“With a carefree attitude and level of authority that are truly astonishing for a young painter in his first solo exhibition, Tano Festa joins that important small group of Italian and international painters who work at the intersection between the neo-Dadaist, neo-geometric and neo-realist movements.” So wrote Cesare Vivaldi in his introduction to the catalogue for Tano Festa’s first solo Exhibition at Gian Tomaso Liverani’s La Salita Gallery in May 1961.Between 1963 and 1965, various Major galleries dedicated exhibitions to Tano Festa: in March 1963, it was the Galleria Schwarz in Milan (which showed another Festa solo exhibition in 1966); in May, it was the Galleria La Tartaruga run by Plinio De Martiis in Rome (which would later give the group of young Roman Pop Artists its name after moving to the Piazza del Popolo); and in Paris, Festa exhibited at Galerie J.
Around 1963 the artist moved on from monochrome paintings crossed with relief-like vertical lines to objects that simply served as the ground for his painting. Cupboards, mirrors, doors and windows, but also pianos, obelisks and gravestones were “created” by that they will never work. (…) My piano has wooden keys that cannot move, the mirrors in my wardrobes do not reflect images, the wardrobes themselves do not contain anything and no light comes through my windows.”
In a famous letter Festa wrote to Arturo Schwarz in 1966, the artist explained that he had expressed himself for two years “by means of objects” and had used “painting only to colour them”. He also described how this obsession had taken hold of him when he, while walking through a narrow street in Rome, had caught sight through a bookshop window of a reproduction of Van Eyck’s “The Arnolfini Wedding”. It was not the figures that attracted him, but rather the huge chandelier at the centre of the paining. To Festa, it symbolised inevitability and the transience of human existence. This object would survive the married couple and became a central object of his Obsession.
From 1964, Festa shifted his focus ever more to iconographic narration, which has many similarities with young American Pop Art. “In 1964 I created a series of paintings relating to Michelangelo (…). When these Michelangeli were made – and, by the way, I never visited the Sistine Chapel – Rome and the type of painting consumed here were formative for me. (…) An American paints Coca Cola as something of value, but for me Michelangelo is the same thing. In the sense that we are in a Country where, instead of eating pre-packaged food, we eat chocolates imprinted with the Mona Lisa”. (Interview with Tano Festa, Giorgio De Marchis, April 1967)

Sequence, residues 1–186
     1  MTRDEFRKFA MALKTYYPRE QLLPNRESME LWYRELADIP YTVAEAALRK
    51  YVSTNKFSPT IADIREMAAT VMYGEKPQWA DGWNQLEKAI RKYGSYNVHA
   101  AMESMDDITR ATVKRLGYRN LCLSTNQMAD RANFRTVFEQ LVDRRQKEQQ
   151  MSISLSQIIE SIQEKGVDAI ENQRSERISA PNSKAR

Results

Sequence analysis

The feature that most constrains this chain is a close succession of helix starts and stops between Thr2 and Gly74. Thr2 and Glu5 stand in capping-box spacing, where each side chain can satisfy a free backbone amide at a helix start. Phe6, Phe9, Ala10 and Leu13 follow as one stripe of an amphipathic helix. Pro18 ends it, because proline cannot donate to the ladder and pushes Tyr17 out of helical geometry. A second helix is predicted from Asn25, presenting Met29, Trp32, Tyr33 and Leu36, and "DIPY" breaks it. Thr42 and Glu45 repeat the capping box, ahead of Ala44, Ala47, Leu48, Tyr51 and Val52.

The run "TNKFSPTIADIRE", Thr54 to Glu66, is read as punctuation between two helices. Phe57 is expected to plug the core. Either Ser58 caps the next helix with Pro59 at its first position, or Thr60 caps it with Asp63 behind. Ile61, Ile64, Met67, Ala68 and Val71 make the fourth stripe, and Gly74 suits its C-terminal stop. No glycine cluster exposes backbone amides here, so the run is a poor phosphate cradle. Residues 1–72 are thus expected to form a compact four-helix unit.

Festa schematically and mechanically reproduced these michelangelesque elements (a detail from “The Last Judgement”, the allegory of “Night” in the Medici chapel etc.) by recreating them with the help of photography or from memory.
His observation and processing of objects in the room shifted to the outside and became an observation of external objects in museums and on squares – eventually extending fully into large spaces and ultimately including the dimension of the sky.
From 1965 the sky – over New York, for example – was at the centre of a series of paintings. “Cielo meccanico” (“Mechanical sky”) and “Le dimensioni del Cielo” (“The dimensions of the sky”) are “no Impressionist products of the spirit, but rather static diagrams of nature. A yardstick is applied to the blue sky because of the compelling urge to measure everything, and because the sky itself is a product of man.” (Maurizio Fagiolo dell’Arco, 1966)
Festa added shutters, doors and scurrilous collections of spheres to the sky, associating these spheres with the optical art popular when he visited New York in the 1960s